Humanistic geography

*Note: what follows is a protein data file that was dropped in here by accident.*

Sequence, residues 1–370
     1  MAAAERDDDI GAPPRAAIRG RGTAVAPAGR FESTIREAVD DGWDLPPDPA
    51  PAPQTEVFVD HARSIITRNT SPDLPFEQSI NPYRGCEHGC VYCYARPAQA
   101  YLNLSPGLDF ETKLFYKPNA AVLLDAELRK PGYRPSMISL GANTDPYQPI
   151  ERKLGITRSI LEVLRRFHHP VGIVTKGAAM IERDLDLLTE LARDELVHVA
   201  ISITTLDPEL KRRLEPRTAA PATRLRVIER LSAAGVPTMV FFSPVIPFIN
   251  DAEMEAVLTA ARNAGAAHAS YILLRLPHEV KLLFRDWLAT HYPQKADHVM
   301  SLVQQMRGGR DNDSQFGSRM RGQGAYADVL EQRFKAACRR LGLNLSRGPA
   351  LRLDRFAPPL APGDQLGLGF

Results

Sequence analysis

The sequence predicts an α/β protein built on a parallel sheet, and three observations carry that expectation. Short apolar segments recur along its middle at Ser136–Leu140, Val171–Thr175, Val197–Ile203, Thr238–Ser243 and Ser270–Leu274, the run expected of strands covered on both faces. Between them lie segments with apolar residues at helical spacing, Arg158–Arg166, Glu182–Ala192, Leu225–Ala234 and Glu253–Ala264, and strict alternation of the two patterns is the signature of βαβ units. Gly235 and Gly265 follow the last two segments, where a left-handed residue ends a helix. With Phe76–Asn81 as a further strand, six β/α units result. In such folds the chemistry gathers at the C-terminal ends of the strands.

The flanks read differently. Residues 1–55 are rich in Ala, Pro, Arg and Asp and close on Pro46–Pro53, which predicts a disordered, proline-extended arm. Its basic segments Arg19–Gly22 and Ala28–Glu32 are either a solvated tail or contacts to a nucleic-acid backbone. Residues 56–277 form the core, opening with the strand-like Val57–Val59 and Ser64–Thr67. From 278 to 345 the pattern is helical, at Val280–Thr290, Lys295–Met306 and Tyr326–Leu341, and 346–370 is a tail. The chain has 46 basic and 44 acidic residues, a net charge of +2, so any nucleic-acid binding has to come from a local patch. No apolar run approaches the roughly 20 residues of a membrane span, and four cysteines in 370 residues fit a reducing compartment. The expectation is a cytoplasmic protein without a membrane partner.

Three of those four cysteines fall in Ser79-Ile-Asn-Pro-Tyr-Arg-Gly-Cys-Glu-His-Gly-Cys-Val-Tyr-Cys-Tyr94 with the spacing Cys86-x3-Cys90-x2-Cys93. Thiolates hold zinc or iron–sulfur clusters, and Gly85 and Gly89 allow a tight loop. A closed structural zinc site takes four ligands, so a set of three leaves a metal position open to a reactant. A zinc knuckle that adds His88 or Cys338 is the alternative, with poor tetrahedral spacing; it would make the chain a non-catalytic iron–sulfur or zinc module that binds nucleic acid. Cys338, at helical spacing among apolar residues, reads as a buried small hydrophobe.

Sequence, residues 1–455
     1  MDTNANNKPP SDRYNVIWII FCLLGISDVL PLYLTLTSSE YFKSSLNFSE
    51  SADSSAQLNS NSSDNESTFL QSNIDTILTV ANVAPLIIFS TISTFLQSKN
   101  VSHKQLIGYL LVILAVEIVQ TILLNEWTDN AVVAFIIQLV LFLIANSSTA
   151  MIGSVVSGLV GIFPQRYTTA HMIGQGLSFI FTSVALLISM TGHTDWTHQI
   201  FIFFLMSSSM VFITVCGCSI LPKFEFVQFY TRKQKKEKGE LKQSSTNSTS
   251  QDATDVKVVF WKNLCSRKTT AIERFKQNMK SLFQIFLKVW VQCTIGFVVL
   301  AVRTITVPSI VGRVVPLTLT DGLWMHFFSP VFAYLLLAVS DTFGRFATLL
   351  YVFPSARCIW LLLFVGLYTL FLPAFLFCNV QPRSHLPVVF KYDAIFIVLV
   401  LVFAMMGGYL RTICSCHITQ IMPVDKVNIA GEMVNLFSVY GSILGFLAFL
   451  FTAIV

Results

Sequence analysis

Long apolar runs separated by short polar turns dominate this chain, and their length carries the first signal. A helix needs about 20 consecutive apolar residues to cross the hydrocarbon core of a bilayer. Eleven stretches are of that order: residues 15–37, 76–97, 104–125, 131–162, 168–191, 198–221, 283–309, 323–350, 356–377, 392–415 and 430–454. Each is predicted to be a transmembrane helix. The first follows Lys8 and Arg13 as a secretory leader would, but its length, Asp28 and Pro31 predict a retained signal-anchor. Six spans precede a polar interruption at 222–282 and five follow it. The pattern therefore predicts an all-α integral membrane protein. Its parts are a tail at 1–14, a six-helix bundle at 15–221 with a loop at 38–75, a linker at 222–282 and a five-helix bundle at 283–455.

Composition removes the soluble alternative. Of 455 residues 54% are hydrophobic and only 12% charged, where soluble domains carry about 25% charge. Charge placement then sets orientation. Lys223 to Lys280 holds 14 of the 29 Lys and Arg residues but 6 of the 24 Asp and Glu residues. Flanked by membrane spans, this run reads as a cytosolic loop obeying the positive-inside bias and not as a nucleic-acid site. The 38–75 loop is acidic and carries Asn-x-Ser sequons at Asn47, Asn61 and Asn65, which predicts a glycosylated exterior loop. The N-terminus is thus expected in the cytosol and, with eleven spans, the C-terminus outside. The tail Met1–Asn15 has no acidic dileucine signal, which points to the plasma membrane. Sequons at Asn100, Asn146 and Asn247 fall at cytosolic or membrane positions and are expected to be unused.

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Humanistic Geography emerged in the Anglo-American discipline during the 1970s. Humanistic geography is a manner of approaching within the field of human geography that seeks to put humans at the centre of geography (Gregory et al., 2009, pp. 356-357). It gives a central and active role to human awareness, human agency, human consiousness and human creativity. It is also an attempt to understand meaning, values and human significanse of life events (Ernste, personal communication). Human geography is concerned with the ways in which place, space and environment are both the condition and in part the consequence of human activities. Humanistic geography tries to understand the human world by analysing people’s relations with nature, their geographical behaviour and their feelings and ideas in regard to space and place, these form the fundamental ‘data’ of humanist inquiry (Tuan, 1976, p. 266). The main objective of humanistic geography is to bring human beings in all their complexity to the centre stage of human geography (Cloke, Philo & Sadler, 1991, p. 58). Placing humans at the centre stage of geography is also called peopling human geography. This objective is pursued explicitly in opposition to the curiously ‘peopleless’ character of much that had been previously been passed of as ‘human’ geography. It was a response to the dehumanizing effect of both positivism and Marxism (Gregory et al., 2009, p. 357). During late 1960’s, science as a whole was under attack for failing to solve human problems or notice human problems (Cloke, Philo & Sadler, 1991, p. 69). F.C.S. Schiller notes that humanist thought sees itself having a ‘practical’ dimension. Schiller is worried that intellectualism with no eye for the individual human beings leads to intellectual debate that is of little practical use to anybody (Cloke, Philo & Sadler, 1991, p. 60). The humanistic approach pays attention to the role of human beings ´out there´ in the real world as they perceive, interpret and shape the human geography of their surroundings. Deliberate stress is given to place: space enriched with the meanings, experiences and knowledge of human beings (Gregory et al., 2009, p. 357 & Tuan, 1976, p. 266). Humanistic geographers believed that social life was constructed through human actions (Gregory et al., 2009, p. 347). Derek Gregory (1986, p.207) offers us the following definition: An approach in human geography distinguished by the central and active role it gives to human awareness and human agency, human consciousness and creativity; at once an attempt at understanding meaning, value and human significance of life event and an expansive view of what the human person is and can do.